More than 200 tankers of human poo were shipped in to Camberley from across Surrey, Hampshire and London, saving Thames Water millions in potential pollution fines and its sewage trucks from “exploding”. This comes at the expense of 11,600 residents who got nothing in return, save for a summer of vile stench, a committee heard.
Chiefs from the utility firm were called in to Surrey Heath Borough Council to answer questions as to how 12,000 cubic metres of raw untreated sewage and sludge was left to fester in the heat – forcing thousands of people to stay inside with their windows closed during the summer.
The committee also challenged water bosses over pledges they thought had been made on compensation to Camberley residents who “bore the cost” so the company, which recorded a total revenue of £2.3 billion last year, could profit.
Councillors said they were led to believe Thames Water would contribute towards a playground as a goodwill gesture to children who had been forced to stay indoors, with committee chair, Councillor Rob Lee, going as far as to say Thames Water should offer “a year’s free water bills” to those affected.
Thames Water’s representatives said they never made a firm commitment to contribute to any scheme. The company claims they have made organisational improvements since.
The committee heard that Thames Water could not have made any offers of goodwill as the people attending the meeting did not have the power to do so.
In the end, Thames Water’s leadership offered to let staff have a charity day to support building a local project that never got off the ground.
The sewage started being shipped into Camberley Sewage Works in February this year and by March the two 6,000 cubic metre tanks were “completely full”.
At the time, the committee heard, odour suppression was in place but it wasn’t 24/7 and didn’t cover the entire tank, which also suffered from maintenance issues.
By June, the council began to receive formal complaints. Initially the council was told the problem was due to blockages and drainage.
It took until the middle of July for Thames Water to publicly admit it was a holding tank with a “large quantity of sewage sludge within it”. It would remain untreated until the beginning of August with the tanks finally cleared and cleaned of waste on September 25.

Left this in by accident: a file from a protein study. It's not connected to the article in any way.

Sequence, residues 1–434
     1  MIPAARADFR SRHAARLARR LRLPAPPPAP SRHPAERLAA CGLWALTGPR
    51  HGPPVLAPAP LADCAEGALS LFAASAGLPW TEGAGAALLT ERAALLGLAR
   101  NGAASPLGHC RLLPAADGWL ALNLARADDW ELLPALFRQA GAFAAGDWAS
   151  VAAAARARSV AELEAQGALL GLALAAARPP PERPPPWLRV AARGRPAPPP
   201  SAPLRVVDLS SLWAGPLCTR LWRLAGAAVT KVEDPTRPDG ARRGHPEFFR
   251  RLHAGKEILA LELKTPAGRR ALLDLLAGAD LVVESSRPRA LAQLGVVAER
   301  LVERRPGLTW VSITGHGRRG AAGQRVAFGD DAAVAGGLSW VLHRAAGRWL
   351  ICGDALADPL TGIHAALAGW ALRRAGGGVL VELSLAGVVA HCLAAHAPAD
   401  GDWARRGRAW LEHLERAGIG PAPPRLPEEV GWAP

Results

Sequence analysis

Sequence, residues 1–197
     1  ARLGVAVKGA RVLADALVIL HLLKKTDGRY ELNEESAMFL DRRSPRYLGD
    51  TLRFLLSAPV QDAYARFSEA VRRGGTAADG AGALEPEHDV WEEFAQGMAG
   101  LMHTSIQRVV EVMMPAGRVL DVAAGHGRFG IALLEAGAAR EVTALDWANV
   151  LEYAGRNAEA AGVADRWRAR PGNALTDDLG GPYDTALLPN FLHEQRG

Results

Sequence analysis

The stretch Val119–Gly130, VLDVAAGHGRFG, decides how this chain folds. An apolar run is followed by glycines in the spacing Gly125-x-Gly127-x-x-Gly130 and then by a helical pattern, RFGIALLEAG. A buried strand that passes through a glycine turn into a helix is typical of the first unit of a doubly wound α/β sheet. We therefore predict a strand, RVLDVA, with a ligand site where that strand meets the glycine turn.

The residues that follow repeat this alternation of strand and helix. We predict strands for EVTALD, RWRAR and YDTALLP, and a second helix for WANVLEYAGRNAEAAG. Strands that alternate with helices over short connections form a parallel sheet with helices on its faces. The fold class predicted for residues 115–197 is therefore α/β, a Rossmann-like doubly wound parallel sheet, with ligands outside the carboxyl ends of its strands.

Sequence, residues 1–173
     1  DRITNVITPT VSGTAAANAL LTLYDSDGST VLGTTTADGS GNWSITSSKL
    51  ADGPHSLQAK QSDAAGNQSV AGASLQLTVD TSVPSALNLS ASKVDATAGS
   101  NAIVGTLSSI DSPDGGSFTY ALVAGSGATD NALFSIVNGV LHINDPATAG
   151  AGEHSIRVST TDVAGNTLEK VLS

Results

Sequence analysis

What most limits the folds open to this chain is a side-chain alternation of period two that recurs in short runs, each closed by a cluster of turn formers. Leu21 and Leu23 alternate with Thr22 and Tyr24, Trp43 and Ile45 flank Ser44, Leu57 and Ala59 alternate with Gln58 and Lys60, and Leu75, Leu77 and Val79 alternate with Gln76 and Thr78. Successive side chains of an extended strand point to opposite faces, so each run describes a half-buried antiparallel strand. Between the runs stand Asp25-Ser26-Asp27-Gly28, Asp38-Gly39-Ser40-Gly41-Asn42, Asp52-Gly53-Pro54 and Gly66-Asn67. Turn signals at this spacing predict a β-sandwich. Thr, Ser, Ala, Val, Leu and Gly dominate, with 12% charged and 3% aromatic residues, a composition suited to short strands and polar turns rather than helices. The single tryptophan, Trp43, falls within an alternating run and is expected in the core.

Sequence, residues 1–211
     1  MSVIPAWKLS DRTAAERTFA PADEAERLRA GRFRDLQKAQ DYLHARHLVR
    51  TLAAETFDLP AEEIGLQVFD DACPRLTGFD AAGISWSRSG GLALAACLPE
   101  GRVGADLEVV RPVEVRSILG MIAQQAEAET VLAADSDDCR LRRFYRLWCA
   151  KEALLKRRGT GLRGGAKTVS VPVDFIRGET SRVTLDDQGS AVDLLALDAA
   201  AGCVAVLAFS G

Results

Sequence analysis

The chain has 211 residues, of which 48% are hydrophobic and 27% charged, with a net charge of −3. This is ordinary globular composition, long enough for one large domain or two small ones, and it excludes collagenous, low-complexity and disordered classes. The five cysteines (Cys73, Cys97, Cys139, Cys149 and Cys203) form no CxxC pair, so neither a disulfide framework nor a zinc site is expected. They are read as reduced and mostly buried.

Speaking to the committee was operations director James Bentley. He apologised “unreservedly” and said: “We didn’t get everything right in that process and we’re not here to pretend that we did.” He said the firm should have put in odour controls in place and communicated with residents much sooner. He said: “We had been experiencing a very extreme sludge event…where our system across the whole of the Thames Water estate, was overloaded. Not only with liquid sludge but also with cake which is the solid material when we process sludge and remove a chunk of the water from it. That system was overloaded on the liquid and solid side.”
Thames Water staff told the meeting it left them with no choice but to put liquid sludge into reserve tanks. Mr Bentley said: “It has to go somewhere, it cant just be discarded into the environment. We have to store it until we are able to treat it.” His colleague added: “If we didn’t move the sludge we’d have pollution trucks potentially exploding, and that’s why we’d done it.”
Cllr Rob Lee said: “You act in the shareholders best interest, you don’t intend to cause a substantial sewage leak unless its a commercially managed one, you don’t intend to cause a Heath and Safety Executive incident, so what you did was you moved the sludge to Camberley. So the people that bore the cost of that were the residents of Camberley, substantially through the summer, through their loss of enjoyment and I think it’s understanding the loss position those residents bring.
“They are your customers, they pay you money, and they missed out substantially on the enjoyment of their summers. Raw sewage smell around your home is pretty different to that in a treatment plant as that is your job. You need to consider a gesture of goodwill to residents. A starting point is a year’s complimentary water bill. It clearly saved Thames Water in material terms millions if not tens of millions of pounds, so I think we need to start exploring that avenue.”
The two hour meeting concluded with the Thursday, November 28 executive partnerships select committee agreeing to formally ask for a “decision maker who has the ability to sign off on compensation” to appear before the next meeting, in March.
The council’s executive team will also write to regulators Ofwat, MP Michael Gove and the environment secretary to ask them to consider the wider sense of pollution and whether Thames Water diverted the risk of fines by increasing the air pollution in Camberley.
Image: Thames Water Meeting (Surrey Heath BC)